From "The Big Anchor Project":
"16th-17th century anchors
The earliest drawings of an anchor with details of its weight and dimensions appears in “Fragments of Ancient Shipwrightry” attributed to Matthew Baker, dated to the late 16th or early 17th Century.
Most anchors during this period had curved arms, but as larger anchors were required the straight arm anchor was introduced to English vessels. The flukes were generally the shape of equilateral triangles and half the length of the arms. The anchor ring was slightly smaller diameter than the fluke. The anchor stock was roughly the same length as the shank, made from timbers bound with iron hoops. Wooden pegs or treenails were used to secure the timbers in the stock, which was straight on the top and tapered on the other three sides.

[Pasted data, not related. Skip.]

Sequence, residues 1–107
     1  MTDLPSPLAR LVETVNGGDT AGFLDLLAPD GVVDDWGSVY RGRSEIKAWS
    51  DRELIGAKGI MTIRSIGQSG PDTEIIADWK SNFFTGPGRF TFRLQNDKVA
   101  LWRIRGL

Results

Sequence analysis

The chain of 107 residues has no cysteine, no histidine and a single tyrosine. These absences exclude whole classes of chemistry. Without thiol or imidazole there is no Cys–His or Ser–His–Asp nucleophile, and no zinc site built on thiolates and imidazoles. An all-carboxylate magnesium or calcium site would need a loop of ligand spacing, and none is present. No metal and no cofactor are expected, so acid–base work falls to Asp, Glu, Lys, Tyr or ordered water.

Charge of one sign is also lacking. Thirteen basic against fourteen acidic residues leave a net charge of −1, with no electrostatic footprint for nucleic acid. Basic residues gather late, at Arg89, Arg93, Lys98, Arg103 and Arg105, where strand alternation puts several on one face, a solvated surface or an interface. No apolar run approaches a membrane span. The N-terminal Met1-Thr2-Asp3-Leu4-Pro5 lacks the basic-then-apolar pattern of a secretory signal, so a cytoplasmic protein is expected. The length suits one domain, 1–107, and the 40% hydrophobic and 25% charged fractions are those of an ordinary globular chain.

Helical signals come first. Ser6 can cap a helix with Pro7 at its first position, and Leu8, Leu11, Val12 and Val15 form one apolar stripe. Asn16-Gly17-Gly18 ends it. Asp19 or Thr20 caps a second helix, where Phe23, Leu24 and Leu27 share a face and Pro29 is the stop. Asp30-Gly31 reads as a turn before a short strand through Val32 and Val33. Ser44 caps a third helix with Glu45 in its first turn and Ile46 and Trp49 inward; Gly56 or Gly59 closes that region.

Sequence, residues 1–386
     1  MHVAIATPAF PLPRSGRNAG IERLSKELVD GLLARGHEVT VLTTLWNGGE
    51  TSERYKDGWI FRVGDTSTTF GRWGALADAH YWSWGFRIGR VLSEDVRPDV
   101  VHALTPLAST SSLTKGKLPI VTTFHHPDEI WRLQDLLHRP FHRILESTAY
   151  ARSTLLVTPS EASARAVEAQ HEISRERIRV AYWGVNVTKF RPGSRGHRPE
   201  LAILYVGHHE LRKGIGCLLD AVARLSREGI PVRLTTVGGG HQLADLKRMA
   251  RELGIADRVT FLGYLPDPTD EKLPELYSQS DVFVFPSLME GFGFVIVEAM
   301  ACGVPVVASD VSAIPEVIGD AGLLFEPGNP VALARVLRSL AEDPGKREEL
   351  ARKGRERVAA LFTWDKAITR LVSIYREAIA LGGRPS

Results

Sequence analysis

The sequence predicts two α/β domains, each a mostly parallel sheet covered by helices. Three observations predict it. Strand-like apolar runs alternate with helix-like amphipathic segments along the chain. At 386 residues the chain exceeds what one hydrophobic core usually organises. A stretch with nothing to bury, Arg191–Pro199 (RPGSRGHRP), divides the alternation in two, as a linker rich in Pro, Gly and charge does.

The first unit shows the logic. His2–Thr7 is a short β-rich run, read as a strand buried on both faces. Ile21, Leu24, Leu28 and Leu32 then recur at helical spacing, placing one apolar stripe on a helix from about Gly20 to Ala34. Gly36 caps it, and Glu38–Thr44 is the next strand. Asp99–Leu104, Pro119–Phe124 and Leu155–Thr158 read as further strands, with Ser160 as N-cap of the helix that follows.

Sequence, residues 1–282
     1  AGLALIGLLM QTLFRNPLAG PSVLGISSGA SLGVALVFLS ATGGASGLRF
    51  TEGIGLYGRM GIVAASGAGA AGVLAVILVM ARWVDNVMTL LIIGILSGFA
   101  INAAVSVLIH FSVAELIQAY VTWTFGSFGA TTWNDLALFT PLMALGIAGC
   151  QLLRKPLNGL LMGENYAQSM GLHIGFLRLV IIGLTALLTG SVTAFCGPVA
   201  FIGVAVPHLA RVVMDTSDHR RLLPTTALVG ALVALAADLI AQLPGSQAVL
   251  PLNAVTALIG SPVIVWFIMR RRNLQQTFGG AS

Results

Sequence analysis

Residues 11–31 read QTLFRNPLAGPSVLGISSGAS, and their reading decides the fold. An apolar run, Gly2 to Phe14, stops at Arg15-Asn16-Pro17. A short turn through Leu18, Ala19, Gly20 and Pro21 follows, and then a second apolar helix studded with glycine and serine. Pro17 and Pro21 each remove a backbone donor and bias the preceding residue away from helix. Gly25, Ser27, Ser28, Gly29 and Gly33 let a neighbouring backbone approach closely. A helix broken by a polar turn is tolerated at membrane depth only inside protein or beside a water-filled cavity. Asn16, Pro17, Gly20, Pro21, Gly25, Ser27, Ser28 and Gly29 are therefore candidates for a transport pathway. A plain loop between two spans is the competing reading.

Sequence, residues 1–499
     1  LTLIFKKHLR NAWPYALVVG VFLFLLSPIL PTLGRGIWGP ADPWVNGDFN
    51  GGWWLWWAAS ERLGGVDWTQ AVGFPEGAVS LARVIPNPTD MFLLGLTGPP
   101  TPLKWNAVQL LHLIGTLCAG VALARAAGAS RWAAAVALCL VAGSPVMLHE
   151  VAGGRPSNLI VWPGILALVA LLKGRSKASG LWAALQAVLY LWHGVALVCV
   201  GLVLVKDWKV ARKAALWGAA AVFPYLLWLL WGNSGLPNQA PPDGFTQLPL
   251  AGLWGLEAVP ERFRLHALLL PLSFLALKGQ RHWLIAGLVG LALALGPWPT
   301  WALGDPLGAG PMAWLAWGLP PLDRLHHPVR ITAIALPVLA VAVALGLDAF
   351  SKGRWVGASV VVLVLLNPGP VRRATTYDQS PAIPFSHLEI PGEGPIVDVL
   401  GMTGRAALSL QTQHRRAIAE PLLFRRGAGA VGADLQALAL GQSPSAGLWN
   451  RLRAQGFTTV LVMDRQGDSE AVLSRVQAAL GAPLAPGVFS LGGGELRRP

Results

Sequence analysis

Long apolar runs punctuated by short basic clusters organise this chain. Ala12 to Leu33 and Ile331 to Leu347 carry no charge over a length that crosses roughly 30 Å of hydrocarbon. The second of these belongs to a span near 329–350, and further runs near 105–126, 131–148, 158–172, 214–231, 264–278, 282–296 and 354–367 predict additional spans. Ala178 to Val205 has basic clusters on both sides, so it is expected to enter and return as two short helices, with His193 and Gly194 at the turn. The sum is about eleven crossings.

In 1627 Captain John Smith published “A Sea Grammer" which provided a list of the different types of anchors carried by ships at that time. It listed:
•The kedger anchor - the smallest of the anchors used in calm weather
•The stream anchor – only a little larger used in an easy tide/stream
•The bow anchor – larger - 4 in total
•The sheet anchor – the largest and heaviest of all used in emergencies.
Anchor weight was in proportion to the size of the ship. A ship of 500 tons would have a sheet anchor weight 2000 pounds of 907 kg’s."
Chart showing the number of references in each month of the diary’s entries.